2 June 2022
A win for hip hop, a bust for classical musicStudy calls current salary model for music streaming services into question
Currently, the profits that streaming services such as Spotify earn from user fees and advertising are paid to rights-holders using the pro-rata model. This means that all profits are pooled and, on the basis of the share of total tracks, paid out to the respective artists. This also means that users night be paying for music they are not listening to.
“Because the share of all tracks determines the money paid out, short-song genres profit most, with a segment of users listening who listen longer and for less money,” explains the head of the study, Prof. Dr. Michel Clement from the Faculty of Business Administration at Universität Hamburg.
The study, conducted jointly by Universität Hamburg and Kühne Logistic University, focused primarily on a comparison of the pro-rata model and an alternative, user-centric model. In the latter case, profits are assigned to the artist a user listened to in a given month, meaning the model is based on individual use.
The researchers evaluated data from an online panel survey among the German population. The survey included, among other things, individual information about how long streaming services were used, possible subscription fees, and genres listened to. The data was then analyzed in conjunction with available information from streaming services, for example, on the artists most listened to and their most successful songs.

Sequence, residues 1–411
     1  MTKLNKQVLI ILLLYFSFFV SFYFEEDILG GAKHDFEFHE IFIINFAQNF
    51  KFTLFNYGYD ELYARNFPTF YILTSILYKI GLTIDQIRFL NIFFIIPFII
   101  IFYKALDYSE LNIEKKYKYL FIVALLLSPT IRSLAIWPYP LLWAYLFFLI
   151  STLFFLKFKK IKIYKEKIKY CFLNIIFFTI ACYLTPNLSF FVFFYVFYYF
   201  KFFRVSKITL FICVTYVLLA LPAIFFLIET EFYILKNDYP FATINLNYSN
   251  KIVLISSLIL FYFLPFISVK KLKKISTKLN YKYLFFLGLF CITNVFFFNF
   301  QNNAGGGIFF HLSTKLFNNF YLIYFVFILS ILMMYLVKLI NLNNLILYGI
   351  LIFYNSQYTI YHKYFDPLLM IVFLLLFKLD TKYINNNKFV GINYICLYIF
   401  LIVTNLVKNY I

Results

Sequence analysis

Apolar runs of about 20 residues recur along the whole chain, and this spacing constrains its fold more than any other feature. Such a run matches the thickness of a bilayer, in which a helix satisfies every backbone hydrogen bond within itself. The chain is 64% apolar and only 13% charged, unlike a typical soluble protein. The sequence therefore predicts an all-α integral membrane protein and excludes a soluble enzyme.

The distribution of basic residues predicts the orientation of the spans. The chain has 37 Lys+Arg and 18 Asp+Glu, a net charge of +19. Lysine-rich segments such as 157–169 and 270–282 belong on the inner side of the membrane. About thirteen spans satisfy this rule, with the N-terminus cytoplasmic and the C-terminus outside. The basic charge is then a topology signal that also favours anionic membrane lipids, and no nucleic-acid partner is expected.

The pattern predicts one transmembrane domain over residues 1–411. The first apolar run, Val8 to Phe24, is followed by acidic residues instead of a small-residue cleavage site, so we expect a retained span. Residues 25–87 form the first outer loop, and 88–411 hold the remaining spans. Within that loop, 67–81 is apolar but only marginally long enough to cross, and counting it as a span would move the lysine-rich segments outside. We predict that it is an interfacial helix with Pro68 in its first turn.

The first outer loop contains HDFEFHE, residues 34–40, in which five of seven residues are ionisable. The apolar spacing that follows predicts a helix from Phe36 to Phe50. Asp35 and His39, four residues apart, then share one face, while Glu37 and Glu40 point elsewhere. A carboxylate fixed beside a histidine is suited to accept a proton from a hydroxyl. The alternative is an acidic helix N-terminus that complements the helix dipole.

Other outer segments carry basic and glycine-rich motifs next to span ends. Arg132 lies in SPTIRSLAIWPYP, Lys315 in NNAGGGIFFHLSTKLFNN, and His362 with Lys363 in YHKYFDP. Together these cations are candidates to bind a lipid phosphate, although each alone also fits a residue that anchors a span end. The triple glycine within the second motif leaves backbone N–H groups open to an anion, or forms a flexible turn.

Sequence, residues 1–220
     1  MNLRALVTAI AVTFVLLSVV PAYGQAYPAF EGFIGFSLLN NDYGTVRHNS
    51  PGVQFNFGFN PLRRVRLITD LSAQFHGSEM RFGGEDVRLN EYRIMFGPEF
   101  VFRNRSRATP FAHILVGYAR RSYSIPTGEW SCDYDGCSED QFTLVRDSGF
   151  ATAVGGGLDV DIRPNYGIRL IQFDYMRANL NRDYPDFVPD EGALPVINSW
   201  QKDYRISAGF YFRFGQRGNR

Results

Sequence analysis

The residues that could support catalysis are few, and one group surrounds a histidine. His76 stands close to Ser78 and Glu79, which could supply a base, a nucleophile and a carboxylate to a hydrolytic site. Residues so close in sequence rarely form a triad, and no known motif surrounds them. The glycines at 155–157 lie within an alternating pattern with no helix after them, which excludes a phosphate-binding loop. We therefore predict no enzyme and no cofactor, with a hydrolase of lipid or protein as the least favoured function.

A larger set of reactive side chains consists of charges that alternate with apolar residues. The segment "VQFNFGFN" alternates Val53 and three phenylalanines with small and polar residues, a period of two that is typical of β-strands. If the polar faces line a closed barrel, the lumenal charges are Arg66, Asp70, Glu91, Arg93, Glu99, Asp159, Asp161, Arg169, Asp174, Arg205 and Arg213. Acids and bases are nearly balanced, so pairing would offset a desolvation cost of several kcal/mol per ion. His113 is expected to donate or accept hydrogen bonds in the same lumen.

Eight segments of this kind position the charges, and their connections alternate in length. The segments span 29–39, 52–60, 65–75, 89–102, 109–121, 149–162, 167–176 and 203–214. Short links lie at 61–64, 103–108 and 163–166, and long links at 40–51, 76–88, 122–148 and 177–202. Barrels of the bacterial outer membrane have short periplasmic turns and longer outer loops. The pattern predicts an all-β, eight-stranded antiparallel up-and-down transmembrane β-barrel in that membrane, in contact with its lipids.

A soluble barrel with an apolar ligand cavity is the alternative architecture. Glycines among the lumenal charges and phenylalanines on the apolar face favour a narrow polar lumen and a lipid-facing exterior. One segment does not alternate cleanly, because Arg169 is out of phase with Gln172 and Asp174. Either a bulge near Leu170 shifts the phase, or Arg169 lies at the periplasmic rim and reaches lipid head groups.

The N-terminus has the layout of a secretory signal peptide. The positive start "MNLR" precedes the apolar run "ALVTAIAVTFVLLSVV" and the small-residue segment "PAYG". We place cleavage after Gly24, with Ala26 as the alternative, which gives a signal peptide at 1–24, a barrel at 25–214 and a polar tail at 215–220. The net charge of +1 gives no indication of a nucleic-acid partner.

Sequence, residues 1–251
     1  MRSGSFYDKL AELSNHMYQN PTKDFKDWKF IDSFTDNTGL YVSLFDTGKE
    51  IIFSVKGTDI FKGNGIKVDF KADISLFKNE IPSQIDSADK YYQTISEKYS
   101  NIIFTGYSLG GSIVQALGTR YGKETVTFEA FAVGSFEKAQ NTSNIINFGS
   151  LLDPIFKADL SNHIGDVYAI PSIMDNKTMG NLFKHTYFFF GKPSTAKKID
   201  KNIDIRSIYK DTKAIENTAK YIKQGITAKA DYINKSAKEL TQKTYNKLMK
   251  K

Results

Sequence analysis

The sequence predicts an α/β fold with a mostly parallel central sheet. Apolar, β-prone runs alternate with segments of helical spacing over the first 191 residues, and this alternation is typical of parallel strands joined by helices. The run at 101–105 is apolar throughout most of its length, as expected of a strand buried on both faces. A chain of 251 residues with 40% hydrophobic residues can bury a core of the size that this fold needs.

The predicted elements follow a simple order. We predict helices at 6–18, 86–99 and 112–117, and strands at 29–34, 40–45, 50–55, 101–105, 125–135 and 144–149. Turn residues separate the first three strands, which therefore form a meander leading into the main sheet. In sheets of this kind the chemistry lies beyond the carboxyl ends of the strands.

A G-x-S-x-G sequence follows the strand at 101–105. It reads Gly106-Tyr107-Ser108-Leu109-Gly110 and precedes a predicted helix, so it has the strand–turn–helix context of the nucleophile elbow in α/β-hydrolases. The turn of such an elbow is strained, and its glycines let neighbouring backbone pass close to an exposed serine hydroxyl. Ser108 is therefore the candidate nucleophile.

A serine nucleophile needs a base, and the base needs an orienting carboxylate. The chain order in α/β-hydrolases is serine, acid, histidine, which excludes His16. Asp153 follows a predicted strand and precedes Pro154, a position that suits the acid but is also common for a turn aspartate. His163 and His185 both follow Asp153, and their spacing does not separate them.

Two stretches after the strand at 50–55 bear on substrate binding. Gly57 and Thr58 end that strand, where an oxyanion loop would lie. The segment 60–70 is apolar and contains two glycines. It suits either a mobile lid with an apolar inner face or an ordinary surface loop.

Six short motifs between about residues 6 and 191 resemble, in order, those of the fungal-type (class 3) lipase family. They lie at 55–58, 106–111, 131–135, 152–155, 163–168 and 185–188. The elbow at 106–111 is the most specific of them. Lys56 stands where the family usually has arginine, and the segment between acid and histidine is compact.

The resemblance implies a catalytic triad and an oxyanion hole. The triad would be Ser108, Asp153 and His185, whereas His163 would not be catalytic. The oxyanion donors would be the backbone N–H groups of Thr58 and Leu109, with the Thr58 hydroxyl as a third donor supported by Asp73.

Using specially developed formulas, the researchers distributed the calculated profits for both models and were thus able to confirm current shares for several genres. Compared with the royalty payments expected from the user-centric model, they calculated a share of €66 million per annum for rock songs and €30 million per annum for classical pieces using the current pro-rata model. The study also revealed that above all German and international hip hop were being subsidized to the tune of €109 million.
“A few genres, especially jazz, blues, and heavy metal, have longer average song times, fewer tracks within a specified period, and are thus at a disadvantage at pay-out. At the same time, pop, hip hop, and electronic dance music have favorable conditions thanks to shorter song times,” said Clement. Researchers also determined that song lengths in the last 10 years have decreased in almost all genres.
The authors encourage open discussion about the payment model to promote above all niche music and local artists and create a more diverse and lively music landscape.
Meyn, Janek, Michael Kandziora, Sönke Albers, and Michel Clement (2022): Consequences of Platforms’ Remuneration Models for Digital Content: Initial Evidence and a Research Agenda for Streaming Services. Journal of the Academy of Marketing Sciencehttps://doi.org/10.1007/s11747-022-00875-6